Right now I’m in Denver, Colorado at the MAA’s annual Mathfest. Mathfest is fantastic, and every time I come I tell myself I should come back every year. Check out the Twitter hashtag #MAAthfest to see some of what’s going on.
I’m here to give to talks — one was yesterday and the other is this afternoon. Both are on the topic of non-traditional grading (or mastery grading), which I’ve written a lot about in the past. Here are copies of my slides:
- August 1st, 2018: Grading for Learning: A Standards-Based Approach from a Project NExT Panel on “Aligning Assessment with Course Goals”
- August 2nd, 2018: A Quick Summary of Four Years of Standards-Based Grading from the Contributed Paper Session on “Mastery Grading”
I think my take-away message of both presentations is the same, and it’s the following:
Kate’s Grading Philosophy: Grades should reflect student knowledge and should have a positive effect on student learning.
Standards-based grading is the way I’ve decided to build this philosophy into my courses. Since I’ve written about my implementation in the past, now I’ll describe something I want to do in the future.
I want to implement some kind of portfolio assignment for students to show off their homework solutions. I imagine letting each student pick her best/favorite solution for each course standard, and gathering them all up together, for an end-of-term “look at all the stuff I’ve learned!” binder. This project would fit into course grades as a “grade modifier” on top of a “base grade”. The base grade would come from performance on standards on normal assessments (exams, quizzes, etc) and would be a typical letter grade (A, B, C, …). The performance on the portfolio would modify a B-grade into B-, B, or B+, depending. My rationale for implementing this project is (a) to have the students work on a single thing throughout the term, with changes for feedback, revision, drafting; and (b) to motivate them to work on homework problems or even more difficult problems that aren’t necessarily accessible in an in-class assessment.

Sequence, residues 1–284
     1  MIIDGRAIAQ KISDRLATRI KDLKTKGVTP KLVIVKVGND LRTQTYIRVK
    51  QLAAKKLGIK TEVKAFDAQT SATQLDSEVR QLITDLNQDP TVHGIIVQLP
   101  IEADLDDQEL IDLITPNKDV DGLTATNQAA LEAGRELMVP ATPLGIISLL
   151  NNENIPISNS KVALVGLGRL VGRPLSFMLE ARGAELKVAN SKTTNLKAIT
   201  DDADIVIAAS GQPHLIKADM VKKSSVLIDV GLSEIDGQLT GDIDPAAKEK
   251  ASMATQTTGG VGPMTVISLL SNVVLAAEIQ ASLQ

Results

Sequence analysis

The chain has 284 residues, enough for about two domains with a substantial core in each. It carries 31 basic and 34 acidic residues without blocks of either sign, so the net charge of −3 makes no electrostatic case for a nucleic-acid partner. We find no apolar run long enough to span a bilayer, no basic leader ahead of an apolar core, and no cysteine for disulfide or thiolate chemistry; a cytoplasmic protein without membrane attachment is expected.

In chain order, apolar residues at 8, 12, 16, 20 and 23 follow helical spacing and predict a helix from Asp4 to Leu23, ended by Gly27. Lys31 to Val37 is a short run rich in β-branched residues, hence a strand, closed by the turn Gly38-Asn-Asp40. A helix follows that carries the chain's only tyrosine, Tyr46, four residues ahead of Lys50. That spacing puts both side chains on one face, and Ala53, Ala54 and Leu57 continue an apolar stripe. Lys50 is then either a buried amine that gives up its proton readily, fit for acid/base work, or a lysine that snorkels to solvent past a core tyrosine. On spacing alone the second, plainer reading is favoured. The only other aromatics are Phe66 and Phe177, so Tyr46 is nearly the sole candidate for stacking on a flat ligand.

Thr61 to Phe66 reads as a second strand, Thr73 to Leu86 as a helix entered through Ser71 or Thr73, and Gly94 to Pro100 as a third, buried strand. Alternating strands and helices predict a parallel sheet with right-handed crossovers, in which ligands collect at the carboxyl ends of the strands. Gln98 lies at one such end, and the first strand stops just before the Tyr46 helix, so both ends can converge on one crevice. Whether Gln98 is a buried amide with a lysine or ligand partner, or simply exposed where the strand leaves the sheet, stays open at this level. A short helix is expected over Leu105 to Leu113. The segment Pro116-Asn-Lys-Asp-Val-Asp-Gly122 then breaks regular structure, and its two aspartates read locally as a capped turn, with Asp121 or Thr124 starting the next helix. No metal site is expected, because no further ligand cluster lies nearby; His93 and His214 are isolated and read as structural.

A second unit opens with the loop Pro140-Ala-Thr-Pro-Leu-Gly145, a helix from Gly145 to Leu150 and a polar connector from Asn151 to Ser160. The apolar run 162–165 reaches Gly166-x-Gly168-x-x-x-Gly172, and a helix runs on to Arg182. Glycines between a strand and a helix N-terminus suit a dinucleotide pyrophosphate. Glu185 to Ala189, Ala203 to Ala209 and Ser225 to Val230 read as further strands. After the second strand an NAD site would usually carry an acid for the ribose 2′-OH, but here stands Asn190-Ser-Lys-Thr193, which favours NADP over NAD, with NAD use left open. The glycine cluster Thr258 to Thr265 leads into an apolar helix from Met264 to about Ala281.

My fear is by doing this, I’m asking dozens of students to hand me dozens of problems to review, right at the time that the clock starts speeding up for me to get my final grades submitted. Also, this is probably going to be at the same time that I have to write and grade final exams, and also tackle all of the re-assessments that students are excited to tackle at the very and absolutely last second possible. Until I find some way to schedule my way out of a complete grading nightmare, my portfolio idea is going to be on hold.